Dear Annie: Last year, my 16-year-old daughter had a bout of depression and anxiety and didn’t handle herself well.
As a result, she has been shunned by the friends she’s had since 7th grade.
“Lauren” has tried to make amends by apologizing, but these girls want nothing to do with her. Through therapy, Lauren realizes she is reaping what she has sown, but several of the girls are just plain mean. With my encouragement, Lauren asked for a mediation session to try to get one of the girls to back down from the nasty comments. Unfortunately, the rest of the girls thought Lauren chose to bring one of them down, so now it’s payback time.
The bullying is exhausting for Lauren to endure, and she no longer wants to go to school. I spoke with the principal, a social worker and the teacher whose class is the worst. They all agree it is a difficult problem because it’s quite likely that if the girls are admonished, the bullying will increase. And they are probably right.
Lauren is a beautiful, smart girl. What am I supposed to do? We are told to speak up if a child is being bullied, but what about the backlash? The school feels its hands are tied. Lauren is back in therapy so she can learn how to cope with these mean girls. Any thoughts? — Frustrated Mom
Dear Mom: Even if Lauren deserved her classmates’ scorn, she does not deserve to be bullied.
The school is abdicating its responsibility by shrugging its shoulders and doing nothing. Encourage Lauren to find other friends who will value the person she is now, and look into extracurricular activities that will allow her to meet kids outside of school.
The U.S. Dept. of Health and Human Services has an anti-bullying website (stopbullyingnow.hrsa.gov) that offers suggestions. If your daughter continues to struggle, however, and the school refuses to help, it might be time to switch schools so she can start fresh. Your daughter’s well-being comes first.
Dear Annie: “Bruce” and I have known each other for six years, although we only started dating a few months ago. We plan to marry next year.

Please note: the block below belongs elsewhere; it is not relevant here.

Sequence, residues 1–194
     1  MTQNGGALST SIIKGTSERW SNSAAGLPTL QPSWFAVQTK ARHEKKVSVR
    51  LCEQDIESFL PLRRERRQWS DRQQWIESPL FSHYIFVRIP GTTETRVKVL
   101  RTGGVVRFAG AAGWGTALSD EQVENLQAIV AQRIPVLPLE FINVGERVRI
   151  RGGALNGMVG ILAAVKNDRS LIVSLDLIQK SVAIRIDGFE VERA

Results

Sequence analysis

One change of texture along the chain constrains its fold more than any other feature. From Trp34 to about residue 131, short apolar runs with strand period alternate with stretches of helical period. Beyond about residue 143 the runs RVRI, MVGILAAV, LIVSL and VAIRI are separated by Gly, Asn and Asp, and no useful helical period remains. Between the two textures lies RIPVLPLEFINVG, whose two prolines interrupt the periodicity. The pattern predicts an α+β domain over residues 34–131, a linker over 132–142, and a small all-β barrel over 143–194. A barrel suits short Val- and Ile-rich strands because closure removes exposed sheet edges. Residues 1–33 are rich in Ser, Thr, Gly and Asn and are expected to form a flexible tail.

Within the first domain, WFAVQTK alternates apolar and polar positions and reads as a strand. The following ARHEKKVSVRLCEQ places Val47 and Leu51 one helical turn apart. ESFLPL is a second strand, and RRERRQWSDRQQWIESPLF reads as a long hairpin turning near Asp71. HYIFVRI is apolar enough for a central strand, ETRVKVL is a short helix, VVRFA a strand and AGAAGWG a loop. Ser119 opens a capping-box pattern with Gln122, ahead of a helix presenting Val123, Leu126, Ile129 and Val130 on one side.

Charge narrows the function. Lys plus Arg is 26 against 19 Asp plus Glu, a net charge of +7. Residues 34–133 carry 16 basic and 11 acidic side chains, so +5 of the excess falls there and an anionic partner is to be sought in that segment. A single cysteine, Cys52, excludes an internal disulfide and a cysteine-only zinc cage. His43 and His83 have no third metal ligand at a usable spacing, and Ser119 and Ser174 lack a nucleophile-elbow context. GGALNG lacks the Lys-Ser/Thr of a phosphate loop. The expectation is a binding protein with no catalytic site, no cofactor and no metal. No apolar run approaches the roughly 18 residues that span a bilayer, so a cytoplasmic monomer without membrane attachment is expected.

The problem is, he always has to contradict what I say and makes it seem like I’m never right. He also doesn’t like my dog. He says if it starts yapping at him, he’s going to kick it across the room.
I’ve tried talking to him about this, and sometimes I get so upset that I cry.
Of course, then he says he hates to see me hurt. Why can’t he connect his words to my pain? He doesn’t seem to understand.
How do I get him to lay off the rude remarks without starting another fight? — Hurt in California
Dear California: You should not have to burst into tears to get your fiance to stop berating you. And frankly, any man who would kick your dog across the room should be avoided at all costs.
Couples counselling may help you work through this, but please think twice before making a lifetime commitment to this man.
Dear Annie: The wife described in “The Thrill is Gone” could be me. My husband is consumed with his job, and I do everything around the house. I love him, but when he has a spare five minutes, he expects me to drop everything and jump into bed.
There is more to intimacy than sex. “Thrill” needs to tell his wife how grateful he is for all she does for their family.
If he spent some time showing his appreciation instead of trying to fix her libido, he’d get a better response.
I would be ecstatic if my husband asked me to go for a walk, offered to make dinner or gave me a backrub without turning it into foreplay. I need to feel valued and treasured. Save the doctor money and use it for flowers. — In the Same Boat
Annie’s Mailbox is written by Kathy Mitchell and Marcy Sugar, longtime editors of the Ann Landers column. Please e-mail your questions to firstname.lastname@example.org, or write to: Annie’s Mailbox, c/o Creators Syndicate, 5777 W. Century Blvd., Ste. 700, Los Angeles, CA 90045.